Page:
Davis wrong; ’02 war premise was not universally accepted

I write in response to the Lanny Davis op-ed that questions the stands of Sen. Barack Obama (D-Ill.) and former Sen. John Edwards (D-N.C.) on the Iraq war resolution (op-ed, “Three questions on Iraq war must be put to Obama, Edwards,” Feb. 21). Mr. Davis poses three questions that he feels have been properly answered by Sen. Hillary Rodham Clinton (D-N.Y.) and should be answered by her competitors.

First, he asks if they believed that Saddam possessed WMDs at the time of the October 2002 vote. Here he assumes the answer is yes, because virtually everyone believed it at the time. I differ on this because I didn’t believe it at the time. I looked at the evidence presented by Colin Powell to the United Nations. I saw drawings of mobile labs and aerial photographs of buildings. Drawings and incomprehensible photos did not convince me. I read stories about aluminum tubes that could only be used for centrifuges, according to some experts. I read stories by others who said that they could not be used as centrifuges. I think the reality is that many senators supported the resolution as a political necessity in advance of an election soon after 9/11.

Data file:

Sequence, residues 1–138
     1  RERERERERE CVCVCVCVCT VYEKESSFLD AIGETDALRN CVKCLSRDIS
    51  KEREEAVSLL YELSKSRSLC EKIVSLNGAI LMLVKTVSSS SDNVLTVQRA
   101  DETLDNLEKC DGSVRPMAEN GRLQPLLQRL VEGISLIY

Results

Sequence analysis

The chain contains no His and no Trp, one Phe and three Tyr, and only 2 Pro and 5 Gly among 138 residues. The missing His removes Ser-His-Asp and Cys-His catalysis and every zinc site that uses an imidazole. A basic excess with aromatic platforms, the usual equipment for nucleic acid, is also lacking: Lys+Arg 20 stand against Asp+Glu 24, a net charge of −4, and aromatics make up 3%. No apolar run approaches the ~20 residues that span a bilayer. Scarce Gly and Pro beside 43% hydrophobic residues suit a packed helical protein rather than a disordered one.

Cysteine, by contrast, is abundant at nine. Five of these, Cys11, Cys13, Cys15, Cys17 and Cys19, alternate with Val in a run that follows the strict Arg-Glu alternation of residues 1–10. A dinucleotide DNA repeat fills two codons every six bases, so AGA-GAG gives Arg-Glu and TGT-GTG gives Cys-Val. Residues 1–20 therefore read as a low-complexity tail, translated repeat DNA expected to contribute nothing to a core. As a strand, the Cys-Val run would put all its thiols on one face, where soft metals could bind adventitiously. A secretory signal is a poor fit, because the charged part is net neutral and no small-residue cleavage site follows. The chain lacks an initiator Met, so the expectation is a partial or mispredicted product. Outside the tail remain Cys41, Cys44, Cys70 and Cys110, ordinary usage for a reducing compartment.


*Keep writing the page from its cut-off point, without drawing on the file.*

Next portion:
Second, would it have been a mistake even if you believed that Iraq had WMDs? I would argue that it was indeed a mistake even if Saddam had these weapons. Clinton and others have argued that they did not vote for a rush to war. I think that it was patently obvious at the time that there was little that was going to stop Bush from going to war and a vote of “yes” only facilitated it. If Saddam had weapons, he was certainly well contained.

He was not considered a threat by his neighbors and he posed no serious threat to American and British forces enforcing the no-fly zones.

Third, how would they have gotten Saddam to dismantle any WMD programs? We had stronger international support than at any time in the recent past to implement a strong inspections regime using the same inspectors who have now told us that there were no weapons. We had a U.N. resolution with teeth, and Saddam could see what was happening in Afghanistan.

I don’t see Obama or Edwards or even the questioner from the audience in New Hampshire as questioning Clinton’s decision being based on good faith. We are asking that she admit a mistake. This is something the Bush administration has been unable to do. I would suggest that Mr. Davis allow that Obama’s decision not to support the war was “one of consistency, taken in good faith” and, in foresight to many and hindsight to most, was the correct decision.

Washington, D.C.

More on Davis’s op-ed: ‘Here is the answer’

From Brent Budowsky, contributing editor, Fighting Dems News Service

Here is the answer to Lanny Davis, which I and others who opposed the Iraq war in 2002 tried to convey to senior members of Congress. Even if Saddam was developing WMD, the inevitable result of a U.S. invasion is what has now happened: chaos and sectarian carnage. Had Saddam been developing WMD they might well have fallen into the hands of terrorists. Our occupation could not even secure rifles. …

Washington, D.C.